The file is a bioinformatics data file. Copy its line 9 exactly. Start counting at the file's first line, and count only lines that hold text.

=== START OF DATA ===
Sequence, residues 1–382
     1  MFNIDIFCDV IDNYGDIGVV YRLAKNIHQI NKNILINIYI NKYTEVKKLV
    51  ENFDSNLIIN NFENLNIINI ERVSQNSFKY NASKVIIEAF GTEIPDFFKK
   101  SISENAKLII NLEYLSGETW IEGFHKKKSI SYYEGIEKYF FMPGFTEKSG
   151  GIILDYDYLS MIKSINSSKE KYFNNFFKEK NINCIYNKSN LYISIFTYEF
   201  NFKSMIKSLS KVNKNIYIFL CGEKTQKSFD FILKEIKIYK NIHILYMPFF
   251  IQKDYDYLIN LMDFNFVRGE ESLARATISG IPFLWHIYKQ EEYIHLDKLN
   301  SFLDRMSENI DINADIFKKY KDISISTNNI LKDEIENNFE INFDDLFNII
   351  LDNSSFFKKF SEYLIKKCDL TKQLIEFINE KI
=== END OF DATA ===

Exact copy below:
   351  LDNSSFFKKF SEYLIKKCDL TKQLIEFINE KI